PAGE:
Update Those Accounts!
The beginning of the New Year will see many of us making numerous resolutions. One thing to put on your 2015 agenda is a memo to update your accounts and find your title insurance policies. Why those two things?
According to numerous websites there are billions (yes, billions) of unclaimed dollars and property value placed into the hands of local governments (see my previous post on my website http://www.attorneybarbaradalvano.weebly.com of Oct. 28, 2014 titled “Don’t Lose Your Money!” about the legal term ‘escheatment’), funds and property that have been unclaimed for years. These funds range from bank accounts; valuables from safe deposit boxes; stocks and bonds; mutual fund accounts; uncashed money orders, certificates of deposit; 401(k) funds and insurance policies. How does this happen? Well, in many cases the owner has passed away and no beneficiary can be located; or people simply forget – as they move from place to place- to close an account; a bank account can go ‘dormant’ if not accessed within a certain period of time (this “dormancy” time period varies from bank to bank and state to state); or the owner of the property cannot be located (address, email, contact information has not been updated). Whatever the reason, it certainly pays to do an annual review of all your existing accounts to make sure that you are not missing out on access to your own money/property. Make sure all contact information for yourself and all beneficiaries is up to date.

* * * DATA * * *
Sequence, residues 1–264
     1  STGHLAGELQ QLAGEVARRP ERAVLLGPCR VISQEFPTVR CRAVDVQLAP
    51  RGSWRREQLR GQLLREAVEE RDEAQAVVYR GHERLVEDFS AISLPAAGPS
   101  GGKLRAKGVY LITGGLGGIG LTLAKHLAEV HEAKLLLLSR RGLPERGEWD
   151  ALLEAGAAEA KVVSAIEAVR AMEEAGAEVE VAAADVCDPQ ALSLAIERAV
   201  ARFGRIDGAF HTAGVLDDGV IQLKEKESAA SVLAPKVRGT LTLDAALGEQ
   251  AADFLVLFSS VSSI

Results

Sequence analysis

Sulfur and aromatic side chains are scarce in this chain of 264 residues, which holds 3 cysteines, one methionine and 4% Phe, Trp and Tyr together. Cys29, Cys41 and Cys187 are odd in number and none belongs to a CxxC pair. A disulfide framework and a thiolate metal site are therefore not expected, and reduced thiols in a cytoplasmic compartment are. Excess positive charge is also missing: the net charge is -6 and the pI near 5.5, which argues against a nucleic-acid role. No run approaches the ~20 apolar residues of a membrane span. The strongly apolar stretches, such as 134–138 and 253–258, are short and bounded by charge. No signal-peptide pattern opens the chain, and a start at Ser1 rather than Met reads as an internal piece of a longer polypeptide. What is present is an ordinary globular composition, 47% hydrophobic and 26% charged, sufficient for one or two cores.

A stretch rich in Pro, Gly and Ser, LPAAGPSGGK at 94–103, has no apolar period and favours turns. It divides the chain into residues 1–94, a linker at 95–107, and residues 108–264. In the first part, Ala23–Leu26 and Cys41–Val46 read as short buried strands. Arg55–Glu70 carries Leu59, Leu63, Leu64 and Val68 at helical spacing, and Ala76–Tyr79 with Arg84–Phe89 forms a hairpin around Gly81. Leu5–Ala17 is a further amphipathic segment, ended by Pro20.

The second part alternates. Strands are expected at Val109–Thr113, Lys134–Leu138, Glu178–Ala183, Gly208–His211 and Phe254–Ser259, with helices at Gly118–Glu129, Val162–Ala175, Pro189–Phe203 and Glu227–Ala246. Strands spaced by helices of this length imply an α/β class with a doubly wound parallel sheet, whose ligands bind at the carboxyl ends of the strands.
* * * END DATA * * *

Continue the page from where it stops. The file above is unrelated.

In addition, if you have created a trust account and placed property/real estate into the trust, review your title insurance to make sure that the property remains covered under the original title policy. If you have transferred real estate property, check the title insurance policy.Search for the original title insurance policy or title deed and contact the title company about any transferred property. Their response about whether the property still remains under the original title insurance should be in writing. If there is ever any claim/dispute about the title to the property (for example a boundary dispute), you will want to make sure your existing title policy covers the situation.